Bamse was posthumously awarded the Norges Hundeorden on 30 September 1984 for his war service. In 2006, he was also awarded the PDSA Gold Medal (sometimes known as the "animals' George Cross") for gallantry and devotion to duty, the only WWII animal to have received this honour.

A larger than life sized bronze statue of Bamse, made by Scottish sculptor Alan Herriot, was unveiled by HRH Prince Andrew at Wharf Street in Montrose on 17 October 2006. On the Norwegian side the Norwegian consul in Edinburgh, Bjørn Eilertsen, was present bringing greetings from the Norwegian king, Harald V. Also in attendance were Lathallan School Pipe Band,[4] representatives of the Royal Norwegian Navy, Hans Petter Oset, director of the Royal Norwegian Navy Museum, and the daughter of Bamse's owner, Vigdis Hafto. A smaller bronze version of the statue has been purchased by the Royal Norwegian Navy Museum (Marinemuseet) at Horten in Norway.

In August 2008 a new book, Sea Dog Bamse has been published. Written by author and columnist Angus Whitson and Andrew Orr of the Montrose Bamse Project, the book draws upon extensive source material and new eyewitness accounts. It charts the life of Bamse from prewar days in Honningvag, through the five years of war until his heartfelt death. Stories of the Hafto family, the Norwegian Campaign, the minesweeper Thorodd and its crew, the naval war off East Scotland, and the bonds between the Norwegians and the Scots are threaded together by Bamse's tales. The hardback book has become a Scottish best-seller, and has been reprinted. It is to be released as a paperback in October 2009.

The media attention has also renewed interest in Bamse in his birthplace Honningsvåg.The mayor of Nordkapp municipality, Kristina Hansen,and project manager Sigurd Berg-Hansen visited Monrose in November 2008. They launched a campaign to raise funds to purchase and install a duplicate bronze statue of Bamse on the waterfront at Honningsvåg, where it will be seen by many of the 250,000 annual visitors. In December 2008 the Norwegian Minister of Defence, Anne-Grete Strøm-Erichsen announced that her ministry supported the Bamse project in Honningsvåg and would grant NOK 70,000 to the memorial statue.[5] On 16 May 2009 the statue of Bamse was collected from the Port of Leith, Scotland,by the Royal Norwegian Navy cutter MV Leikvin for transportation to Honningsvag. On 19 June 2009 the statue was unveiled by schoolchildren from Honningsvag and from Montrose on the harbour front. The combined bands of the Skolekorps and the pipe band of Lathallan School played in front of a large crowd. Amongst those present were many supporters from Scotland, from Norway, Sweden and from Canada. The new statue of Bamse at Honningsvag is looking south west towards Montrose, where the Scottish statue is looking north east towards Honningsvag.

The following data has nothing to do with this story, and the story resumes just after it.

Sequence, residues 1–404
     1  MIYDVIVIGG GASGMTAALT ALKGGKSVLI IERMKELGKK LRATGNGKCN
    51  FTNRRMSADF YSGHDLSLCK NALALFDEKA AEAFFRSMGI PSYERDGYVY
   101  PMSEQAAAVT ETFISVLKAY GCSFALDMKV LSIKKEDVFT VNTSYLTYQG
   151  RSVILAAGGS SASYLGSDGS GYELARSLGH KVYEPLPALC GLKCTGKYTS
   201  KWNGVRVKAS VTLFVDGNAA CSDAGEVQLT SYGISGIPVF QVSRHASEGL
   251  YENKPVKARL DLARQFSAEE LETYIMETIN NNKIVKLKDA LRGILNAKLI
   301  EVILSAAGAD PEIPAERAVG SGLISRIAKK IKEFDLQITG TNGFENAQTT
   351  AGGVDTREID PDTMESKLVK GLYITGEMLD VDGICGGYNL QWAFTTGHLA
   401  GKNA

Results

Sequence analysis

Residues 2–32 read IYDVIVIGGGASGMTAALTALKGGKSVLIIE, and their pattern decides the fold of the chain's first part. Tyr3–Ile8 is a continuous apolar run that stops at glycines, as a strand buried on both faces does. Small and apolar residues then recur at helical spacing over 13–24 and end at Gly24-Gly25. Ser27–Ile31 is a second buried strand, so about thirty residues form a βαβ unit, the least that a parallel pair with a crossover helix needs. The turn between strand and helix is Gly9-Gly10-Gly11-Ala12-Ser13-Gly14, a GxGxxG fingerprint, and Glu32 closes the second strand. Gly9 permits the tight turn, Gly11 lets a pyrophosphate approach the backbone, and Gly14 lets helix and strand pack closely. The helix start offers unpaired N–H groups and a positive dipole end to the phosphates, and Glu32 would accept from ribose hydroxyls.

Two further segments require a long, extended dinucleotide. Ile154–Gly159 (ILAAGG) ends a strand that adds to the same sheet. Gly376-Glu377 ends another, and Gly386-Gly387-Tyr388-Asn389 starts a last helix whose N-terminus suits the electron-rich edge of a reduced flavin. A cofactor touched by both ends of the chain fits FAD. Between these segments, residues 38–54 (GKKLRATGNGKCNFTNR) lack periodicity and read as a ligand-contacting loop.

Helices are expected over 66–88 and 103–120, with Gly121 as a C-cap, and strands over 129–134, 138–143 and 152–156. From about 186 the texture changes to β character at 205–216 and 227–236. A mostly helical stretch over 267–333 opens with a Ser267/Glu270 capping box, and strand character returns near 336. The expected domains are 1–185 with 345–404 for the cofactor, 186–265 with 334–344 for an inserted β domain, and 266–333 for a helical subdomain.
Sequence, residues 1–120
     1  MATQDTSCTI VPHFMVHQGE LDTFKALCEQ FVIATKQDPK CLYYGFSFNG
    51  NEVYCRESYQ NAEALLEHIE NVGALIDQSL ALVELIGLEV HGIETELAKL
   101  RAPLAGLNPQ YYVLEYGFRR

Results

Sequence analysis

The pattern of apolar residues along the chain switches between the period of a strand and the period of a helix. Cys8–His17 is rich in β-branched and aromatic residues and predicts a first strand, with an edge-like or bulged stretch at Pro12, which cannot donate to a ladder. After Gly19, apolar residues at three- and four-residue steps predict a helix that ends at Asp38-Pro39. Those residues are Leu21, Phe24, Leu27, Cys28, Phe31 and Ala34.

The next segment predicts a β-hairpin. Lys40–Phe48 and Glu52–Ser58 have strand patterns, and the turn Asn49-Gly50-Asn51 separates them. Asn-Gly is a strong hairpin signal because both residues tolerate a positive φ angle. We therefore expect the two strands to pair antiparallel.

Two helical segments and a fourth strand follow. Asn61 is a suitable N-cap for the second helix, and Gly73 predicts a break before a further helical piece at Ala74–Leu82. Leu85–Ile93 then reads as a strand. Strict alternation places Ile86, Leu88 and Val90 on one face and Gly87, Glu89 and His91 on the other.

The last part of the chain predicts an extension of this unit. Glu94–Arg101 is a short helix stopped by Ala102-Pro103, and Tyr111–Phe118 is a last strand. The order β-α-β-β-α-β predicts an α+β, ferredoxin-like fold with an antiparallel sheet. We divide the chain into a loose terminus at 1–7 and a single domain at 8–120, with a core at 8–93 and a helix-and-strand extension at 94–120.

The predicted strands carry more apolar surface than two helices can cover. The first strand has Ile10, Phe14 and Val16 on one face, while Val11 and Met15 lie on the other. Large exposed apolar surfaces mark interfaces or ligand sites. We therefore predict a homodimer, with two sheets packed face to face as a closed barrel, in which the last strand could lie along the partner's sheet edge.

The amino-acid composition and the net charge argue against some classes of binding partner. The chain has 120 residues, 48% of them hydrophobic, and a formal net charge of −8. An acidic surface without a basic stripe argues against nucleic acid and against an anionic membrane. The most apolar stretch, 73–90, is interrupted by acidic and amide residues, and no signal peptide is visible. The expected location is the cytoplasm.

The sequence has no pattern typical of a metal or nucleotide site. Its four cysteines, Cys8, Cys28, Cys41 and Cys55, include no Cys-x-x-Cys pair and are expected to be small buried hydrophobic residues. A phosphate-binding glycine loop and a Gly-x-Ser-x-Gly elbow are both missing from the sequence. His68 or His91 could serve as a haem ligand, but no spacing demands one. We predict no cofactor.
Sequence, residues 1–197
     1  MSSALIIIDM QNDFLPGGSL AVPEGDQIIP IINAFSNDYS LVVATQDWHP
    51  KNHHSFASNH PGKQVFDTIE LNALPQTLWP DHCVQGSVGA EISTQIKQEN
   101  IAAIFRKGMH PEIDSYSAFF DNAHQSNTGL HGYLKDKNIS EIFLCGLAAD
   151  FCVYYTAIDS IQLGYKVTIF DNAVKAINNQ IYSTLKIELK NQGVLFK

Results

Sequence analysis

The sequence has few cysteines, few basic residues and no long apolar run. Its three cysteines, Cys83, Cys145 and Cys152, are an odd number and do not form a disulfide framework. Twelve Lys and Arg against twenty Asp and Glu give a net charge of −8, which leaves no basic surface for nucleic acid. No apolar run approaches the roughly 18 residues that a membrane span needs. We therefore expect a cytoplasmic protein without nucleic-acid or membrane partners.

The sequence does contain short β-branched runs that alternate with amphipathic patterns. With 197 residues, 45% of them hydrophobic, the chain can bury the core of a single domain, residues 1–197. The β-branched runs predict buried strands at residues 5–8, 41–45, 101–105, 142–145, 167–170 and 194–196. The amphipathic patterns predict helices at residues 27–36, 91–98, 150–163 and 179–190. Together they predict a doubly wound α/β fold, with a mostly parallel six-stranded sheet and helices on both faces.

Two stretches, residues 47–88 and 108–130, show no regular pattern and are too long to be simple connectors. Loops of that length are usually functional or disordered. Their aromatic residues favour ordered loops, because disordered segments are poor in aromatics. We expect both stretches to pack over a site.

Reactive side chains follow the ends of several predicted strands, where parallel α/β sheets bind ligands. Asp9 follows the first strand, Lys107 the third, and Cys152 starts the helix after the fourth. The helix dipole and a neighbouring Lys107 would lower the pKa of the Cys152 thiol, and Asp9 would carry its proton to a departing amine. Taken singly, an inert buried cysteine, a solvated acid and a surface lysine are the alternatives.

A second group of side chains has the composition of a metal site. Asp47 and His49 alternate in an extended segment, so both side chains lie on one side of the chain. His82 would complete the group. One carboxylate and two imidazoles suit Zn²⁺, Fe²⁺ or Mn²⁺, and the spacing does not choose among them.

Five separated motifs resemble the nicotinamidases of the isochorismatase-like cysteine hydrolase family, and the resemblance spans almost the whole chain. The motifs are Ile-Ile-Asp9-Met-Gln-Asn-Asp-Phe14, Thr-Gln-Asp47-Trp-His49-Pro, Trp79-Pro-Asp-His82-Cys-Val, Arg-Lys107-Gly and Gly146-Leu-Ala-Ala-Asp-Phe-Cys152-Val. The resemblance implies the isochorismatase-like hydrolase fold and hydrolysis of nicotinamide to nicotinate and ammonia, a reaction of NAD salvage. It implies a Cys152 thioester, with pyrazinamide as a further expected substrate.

See also

Bibliography

  • Sea Dog Bamse, World War II Canine Hero: Angus Whitson & Andrew Orr ISBN 1-84158-748-6
  • They Also Serve : Dorothea St. Hill Bourne (1947)
  • Animals in War: Jilly Cooper (1983, re-issued 2000) ISBN 0-552-99091-4
  • Skipshunden Bamse og andre hunder ("The Ship's Dog Bamse and other Dogs"): Otto Opstad (1987) ISBN 82-7334-1143 (Norwegian)
  • Silent Heroes : Evelyn le Cheyne (1994, re-issued 2008) ISBN 0-285-632140
  • Scotland's Heroes: John Linsey (2007) ISBN 1-904440-87-8
  • Fem År På Banjeren ("Five Years on the Banger): Frank Abelsen ISBN 82-993416-0-4 (Norwegian)
  • Norske Minesveipere : Frank Abelsen (1999) ISBN 82-994738-5-3 (Norwegian)
  • Sea Dog Bamse : Angus Whitson and Andrew Orr. Brilinn (2008) ISBN 9781841587486

References

  1. ^ [1]
  2. ^ [2]
  3. ^ [3]
  4. ^ "Lathallan School Pipe Band". Lathallan School. http://www.lathallan.com/index.php?option=com_content&task=view&id=57&Itemid=77. Retrieved 20 February 2009.  
  5. ^ Jørstad, Svein G. (24 December 2008). "Støtter Bamse-minnesmerke" (in Norwegian). Finnmark Dagblad. http://www.finnmarkdagblad.no/nyheter/article4011608.ece. Retrieved 13 January 2009.  

External links